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The World to Come film review


Directed by: Mona Fastvold

Written by: Ron Hansen, Jim Shepard

Starring: Katherine Waterston, Vanessa Kirby, Casey Affleck

Film Review by: Chris Olson


The World to Come (2021) Film Review

Being only her second feature film in the director’s chair, filmmaker Mona Fastvold shows exquisite poise with The World to Come, penned by Ron Hansen and Jim Shepard.

Katherine Waterston and Vanessa Kirby in The World To Come
Katherine Waterston and Vanessa Kirby in The World To Come

Katherine Waterston is Abigail, a frontiersman's wife in the 1850s American East, whose disillusionment is rife. Her days are filled with chores and a creeping abandonment of the limited social interaction offered in the small settlement until Vanessa Kirby and her husband move onto the farm next door. All of a sudden, adventure, exploration and a poetic desire to live revive Abigail but not without dangerous risks.

A rich tapestry to unpick, The World to Come is not only simmering with palpable tension throughout, it offers audiences a collection of heartbreaking subthemes to be consumed by.

Abigail utters “My life has surprised me by being far more ordinary.” when lamenting on her childhood dreams of using her intellect to help the world. Her quest for knowledge is remarked as an attempt to overcome her misery, yet her soulful notes in the journal she keeps (which provides the moving narration) reveal how little solace this brings her. It is indeed only the riveting excitement of Kirby’s Tallie that lights a fire underneath her. And whilst the harsh landscape and living conditions are a constant test, it’s the small tangle of her personal relationships which threaten oblivion.

Another thread of the film is legacy. Whilst the men keep a painfully detailed account of all of the goings-on around the farms, very little is recorded of the women. Abigail comments the ledgers contain “no record of our emotions or fears, our greatest joys or most piercing sorrows”. The role of women being a central theme leads to the contemporary arguments surrounding the rights of women, in particular over their bodies.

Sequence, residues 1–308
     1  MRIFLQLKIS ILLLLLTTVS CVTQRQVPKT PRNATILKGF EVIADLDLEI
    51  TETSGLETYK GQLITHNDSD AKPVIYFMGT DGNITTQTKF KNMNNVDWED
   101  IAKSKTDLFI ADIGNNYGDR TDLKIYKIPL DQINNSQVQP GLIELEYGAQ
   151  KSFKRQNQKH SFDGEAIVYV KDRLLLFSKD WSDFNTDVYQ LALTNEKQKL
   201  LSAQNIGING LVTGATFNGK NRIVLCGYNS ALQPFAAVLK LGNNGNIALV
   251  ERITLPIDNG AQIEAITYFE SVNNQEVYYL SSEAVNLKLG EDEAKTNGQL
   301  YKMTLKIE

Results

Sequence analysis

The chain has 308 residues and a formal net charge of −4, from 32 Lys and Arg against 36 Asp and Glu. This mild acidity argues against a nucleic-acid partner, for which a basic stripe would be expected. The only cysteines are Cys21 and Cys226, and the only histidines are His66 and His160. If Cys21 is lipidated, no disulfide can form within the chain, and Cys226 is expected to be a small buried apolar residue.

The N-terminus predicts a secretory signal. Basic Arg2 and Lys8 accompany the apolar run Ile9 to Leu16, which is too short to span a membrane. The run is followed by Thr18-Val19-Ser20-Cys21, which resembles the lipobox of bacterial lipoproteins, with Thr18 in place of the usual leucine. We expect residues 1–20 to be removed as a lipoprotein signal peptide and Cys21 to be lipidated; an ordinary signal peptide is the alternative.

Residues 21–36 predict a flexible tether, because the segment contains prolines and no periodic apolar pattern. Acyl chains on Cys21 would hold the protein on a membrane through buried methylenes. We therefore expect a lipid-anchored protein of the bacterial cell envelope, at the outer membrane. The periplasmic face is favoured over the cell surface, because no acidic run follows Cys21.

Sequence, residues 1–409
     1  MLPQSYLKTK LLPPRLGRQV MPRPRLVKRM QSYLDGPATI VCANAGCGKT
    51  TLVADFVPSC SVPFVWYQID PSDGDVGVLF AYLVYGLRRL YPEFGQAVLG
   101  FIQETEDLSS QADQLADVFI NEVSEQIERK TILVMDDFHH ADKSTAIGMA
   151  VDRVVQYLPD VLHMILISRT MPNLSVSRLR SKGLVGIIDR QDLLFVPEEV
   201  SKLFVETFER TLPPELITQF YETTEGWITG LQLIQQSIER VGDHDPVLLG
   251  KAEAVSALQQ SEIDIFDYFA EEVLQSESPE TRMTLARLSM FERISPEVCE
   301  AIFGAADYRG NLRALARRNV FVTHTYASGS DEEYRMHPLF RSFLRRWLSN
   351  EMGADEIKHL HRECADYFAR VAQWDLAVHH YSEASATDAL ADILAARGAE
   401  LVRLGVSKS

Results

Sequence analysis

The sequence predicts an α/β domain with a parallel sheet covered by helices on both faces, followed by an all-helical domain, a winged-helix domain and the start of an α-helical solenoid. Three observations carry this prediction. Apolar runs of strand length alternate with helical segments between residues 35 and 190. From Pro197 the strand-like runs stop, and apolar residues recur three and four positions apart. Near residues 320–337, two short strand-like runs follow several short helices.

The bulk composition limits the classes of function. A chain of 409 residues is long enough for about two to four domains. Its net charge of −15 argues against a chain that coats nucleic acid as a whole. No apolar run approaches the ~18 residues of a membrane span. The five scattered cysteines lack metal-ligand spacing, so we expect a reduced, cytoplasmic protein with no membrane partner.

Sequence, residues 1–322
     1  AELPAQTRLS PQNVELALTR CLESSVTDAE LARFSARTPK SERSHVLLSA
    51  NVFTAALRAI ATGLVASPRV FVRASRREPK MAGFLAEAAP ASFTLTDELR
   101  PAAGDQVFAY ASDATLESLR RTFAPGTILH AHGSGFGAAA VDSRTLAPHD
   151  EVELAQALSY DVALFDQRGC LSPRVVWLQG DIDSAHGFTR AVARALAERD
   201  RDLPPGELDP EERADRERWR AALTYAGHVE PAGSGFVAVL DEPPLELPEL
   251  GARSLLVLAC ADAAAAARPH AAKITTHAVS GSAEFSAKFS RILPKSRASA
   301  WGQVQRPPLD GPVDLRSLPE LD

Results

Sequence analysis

It’s a harrowing revelation that our own society faces such similar frontiers to that of these characters.

Beautifully filmed with an attention to the tenderness of the scenes, Fastvold ensures the delicate struggles being explored in the film are never threatened with exploitative drama. We witness the fallout at a more heart-rending pace, allowing the emotion of the script to soak us and leave us chillier than the scene before, which only warms us more to Abigail’s story. Casey Affleck is a brilliant and unassuming presence as her husband, and Kirby is a tremendous force on screen but this show is completely stolen by Katherine Waterston with what very well may be a career-defining performance.

Aside from a slightly irksome soundscape, this is brutally beautiful storytelling that is as poetic as it is quietly thrilling. A stirring central romance, perfectly played by Waterston and Kirby, that breaks no barriers but simply puts them out for display, in all their abject misery.

Watch the Film Trailer



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